Bobby Yates returned* from
Baker Monday evening with an
eight-horse load of freight.
M. A. McLean was in town
from his ranch on Box Elder
Tuesday on a business trip.
L. F. Kennedy, the road sup
ervisor is repairing the bridges
around Ekalaka this week.
C. M. Peabody and A. T.
Sprague were visitors in town
Tuesday from their ranches.
The republican primaries will
be held on September 3rd and
the convention in Miles City on
the 14th.
John Hefrin of Baker was vis
iting in town Sunday between
the arrival and departure of the
County attorney SharplrsS
Walker was in town on a short
business trip last week from '
Miles City.
The Ekalaka precint will have
ten representatives at the repub
lican county convention in Miles
on Sept 14th.
C. K, Putnam returned Sunday
from a business trip to BaKer.
where he was looking up freight
shipments for the R. C. Char
ters Co.
H. M. Lewis, deputy county
surveyor returned to Miles City
Friday after spending a week in
this part of the coui. ty viewing
new roads.
Dr. G. A. BaKer moved his
household goods out on his ranch
this weeK. His mother and sis
ter will reside there this winter
in company with the Doctor.
Mr. and Mrs. Chas. Hughes
were presented with a bouncing
baby girl Monday. Mother and
child are well and Charley is
wearing the smile that won't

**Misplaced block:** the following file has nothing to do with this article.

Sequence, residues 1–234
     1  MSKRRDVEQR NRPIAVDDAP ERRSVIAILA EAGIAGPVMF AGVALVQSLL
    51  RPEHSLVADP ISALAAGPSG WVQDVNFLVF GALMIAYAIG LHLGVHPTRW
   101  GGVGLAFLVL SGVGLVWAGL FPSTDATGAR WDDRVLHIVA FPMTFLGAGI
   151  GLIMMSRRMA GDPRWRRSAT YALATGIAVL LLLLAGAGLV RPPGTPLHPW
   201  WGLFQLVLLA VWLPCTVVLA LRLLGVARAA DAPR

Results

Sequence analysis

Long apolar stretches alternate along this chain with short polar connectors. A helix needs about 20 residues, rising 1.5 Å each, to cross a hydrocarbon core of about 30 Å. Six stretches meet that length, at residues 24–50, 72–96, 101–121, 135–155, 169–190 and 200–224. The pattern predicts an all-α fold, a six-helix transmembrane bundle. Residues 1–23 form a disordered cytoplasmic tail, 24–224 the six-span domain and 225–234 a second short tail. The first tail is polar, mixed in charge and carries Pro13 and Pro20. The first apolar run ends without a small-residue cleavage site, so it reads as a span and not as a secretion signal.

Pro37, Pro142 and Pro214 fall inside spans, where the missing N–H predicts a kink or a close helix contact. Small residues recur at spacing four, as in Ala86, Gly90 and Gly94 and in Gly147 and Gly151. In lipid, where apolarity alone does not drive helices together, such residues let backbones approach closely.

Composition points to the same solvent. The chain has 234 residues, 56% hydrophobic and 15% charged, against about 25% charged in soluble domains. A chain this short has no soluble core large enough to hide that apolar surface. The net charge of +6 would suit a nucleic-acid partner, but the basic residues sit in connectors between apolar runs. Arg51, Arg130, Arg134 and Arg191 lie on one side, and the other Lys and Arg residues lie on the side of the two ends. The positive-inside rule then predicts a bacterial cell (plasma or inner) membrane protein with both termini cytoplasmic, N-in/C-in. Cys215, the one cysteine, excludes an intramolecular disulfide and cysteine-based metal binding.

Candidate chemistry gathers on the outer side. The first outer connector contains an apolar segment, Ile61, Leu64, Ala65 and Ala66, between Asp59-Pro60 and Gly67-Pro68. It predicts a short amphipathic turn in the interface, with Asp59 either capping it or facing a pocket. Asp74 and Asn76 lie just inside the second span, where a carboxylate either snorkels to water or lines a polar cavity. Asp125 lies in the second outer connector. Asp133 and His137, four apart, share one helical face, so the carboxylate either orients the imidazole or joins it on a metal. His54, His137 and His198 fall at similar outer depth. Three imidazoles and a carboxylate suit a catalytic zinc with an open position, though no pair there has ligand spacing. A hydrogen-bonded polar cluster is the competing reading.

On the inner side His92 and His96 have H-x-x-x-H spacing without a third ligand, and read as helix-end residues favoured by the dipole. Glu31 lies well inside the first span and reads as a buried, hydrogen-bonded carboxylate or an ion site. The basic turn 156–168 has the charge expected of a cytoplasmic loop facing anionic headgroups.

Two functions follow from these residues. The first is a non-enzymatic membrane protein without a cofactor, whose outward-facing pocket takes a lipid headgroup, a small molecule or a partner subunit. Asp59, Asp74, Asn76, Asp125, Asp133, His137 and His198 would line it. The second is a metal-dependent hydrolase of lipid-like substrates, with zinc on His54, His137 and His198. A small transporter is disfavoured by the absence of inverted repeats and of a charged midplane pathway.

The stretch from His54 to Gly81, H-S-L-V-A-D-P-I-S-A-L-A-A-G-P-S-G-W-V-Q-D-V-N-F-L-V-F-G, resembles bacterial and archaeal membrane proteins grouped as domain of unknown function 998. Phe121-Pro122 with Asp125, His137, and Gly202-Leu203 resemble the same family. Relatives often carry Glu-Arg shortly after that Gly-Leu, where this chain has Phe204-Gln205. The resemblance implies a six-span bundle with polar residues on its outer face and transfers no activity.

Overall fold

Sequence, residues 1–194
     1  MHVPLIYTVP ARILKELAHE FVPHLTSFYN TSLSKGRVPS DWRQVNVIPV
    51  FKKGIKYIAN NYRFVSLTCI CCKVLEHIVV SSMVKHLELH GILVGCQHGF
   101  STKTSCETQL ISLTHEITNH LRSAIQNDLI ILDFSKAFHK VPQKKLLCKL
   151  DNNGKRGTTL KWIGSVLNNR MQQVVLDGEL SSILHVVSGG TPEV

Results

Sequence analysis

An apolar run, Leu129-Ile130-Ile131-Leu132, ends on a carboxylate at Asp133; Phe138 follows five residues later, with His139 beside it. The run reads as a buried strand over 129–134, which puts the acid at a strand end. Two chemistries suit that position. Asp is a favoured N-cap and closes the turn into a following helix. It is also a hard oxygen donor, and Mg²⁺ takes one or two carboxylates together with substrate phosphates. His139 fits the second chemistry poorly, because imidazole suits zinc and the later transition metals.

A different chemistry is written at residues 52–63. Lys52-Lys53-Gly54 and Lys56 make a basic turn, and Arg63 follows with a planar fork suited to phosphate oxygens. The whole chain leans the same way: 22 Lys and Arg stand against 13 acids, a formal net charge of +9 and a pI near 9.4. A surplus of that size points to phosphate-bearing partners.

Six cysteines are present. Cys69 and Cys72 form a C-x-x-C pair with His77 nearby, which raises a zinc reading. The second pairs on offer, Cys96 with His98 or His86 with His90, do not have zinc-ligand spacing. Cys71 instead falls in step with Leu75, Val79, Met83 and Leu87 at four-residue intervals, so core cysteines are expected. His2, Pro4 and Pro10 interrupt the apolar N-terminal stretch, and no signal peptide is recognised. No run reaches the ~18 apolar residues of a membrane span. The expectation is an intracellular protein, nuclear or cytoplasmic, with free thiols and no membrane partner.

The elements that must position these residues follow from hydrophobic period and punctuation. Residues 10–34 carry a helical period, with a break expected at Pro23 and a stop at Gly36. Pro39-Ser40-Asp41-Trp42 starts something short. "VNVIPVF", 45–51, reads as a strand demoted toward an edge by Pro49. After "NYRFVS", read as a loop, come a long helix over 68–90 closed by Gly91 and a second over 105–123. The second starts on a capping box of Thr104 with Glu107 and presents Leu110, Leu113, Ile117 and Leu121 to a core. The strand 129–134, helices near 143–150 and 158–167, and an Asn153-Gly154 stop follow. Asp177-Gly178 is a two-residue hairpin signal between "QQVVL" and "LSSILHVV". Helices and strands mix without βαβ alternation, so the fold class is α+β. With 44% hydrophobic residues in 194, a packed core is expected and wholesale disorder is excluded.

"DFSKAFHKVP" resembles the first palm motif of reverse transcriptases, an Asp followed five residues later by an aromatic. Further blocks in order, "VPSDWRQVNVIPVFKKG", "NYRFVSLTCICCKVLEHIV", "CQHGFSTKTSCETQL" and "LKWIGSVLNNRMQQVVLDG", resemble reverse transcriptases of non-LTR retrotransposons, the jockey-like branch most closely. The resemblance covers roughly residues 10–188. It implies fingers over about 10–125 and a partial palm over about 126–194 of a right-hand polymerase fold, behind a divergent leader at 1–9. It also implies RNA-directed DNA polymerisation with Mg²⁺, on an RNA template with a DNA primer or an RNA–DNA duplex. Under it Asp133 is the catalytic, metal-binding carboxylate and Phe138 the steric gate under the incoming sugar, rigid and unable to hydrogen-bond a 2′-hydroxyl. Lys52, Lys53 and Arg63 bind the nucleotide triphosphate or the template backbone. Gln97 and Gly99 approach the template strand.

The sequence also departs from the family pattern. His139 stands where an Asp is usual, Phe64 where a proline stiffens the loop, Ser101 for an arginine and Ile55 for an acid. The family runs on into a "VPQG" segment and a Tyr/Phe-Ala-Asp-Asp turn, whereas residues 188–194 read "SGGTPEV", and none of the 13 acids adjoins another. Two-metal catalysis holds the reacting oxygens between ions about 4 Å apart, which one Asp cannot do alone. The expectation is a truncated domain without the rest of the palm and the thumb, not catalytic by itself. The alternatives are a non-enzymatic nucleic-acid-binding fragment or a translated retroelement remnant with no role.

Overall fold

come off.
By reason of the increase in
the tax list of Custer County
this year, the county is now in
the third class order, and there
fore the office of County Auditor
will be created at the next elect
It was reported in town this
week that Elijah Mulkey who
has the old 101 ranch on Beaver
Creek was kicked by a horse
causing seven ribs to be broken.
A doctor was called from Mar
marth and Mr. Mulkey is now on
the fair way to recovery.
At a special meeting held Tues
day evening by the members of
the Commercial club the dates
for the fair this fall were decided
on- September 22nd and 23rd
being the days. The program
committee made th mselves busy
and arranged a program which
will be found on another page in
this issue. The committee on
subscriptions reported getting
$412.00 the first day and expect
to increas this amount before the
end of the week. Arrangments
are being made for many other
attractions not on the program
at this time, and also to secure
the band to furnish the music.
Keep posted on the preparations
being made for this big event
and paste the date in your hat.
The wrestling match that was
held in the Bank Hall Tuesday
evening between Dr. Baker and
Billy Sherrard ex-welter weight
champion of Iowa; was won by
the former, who secured the last
two falls. Sherrard got the first
fall in eighteen minutes, but the
local man came back strong and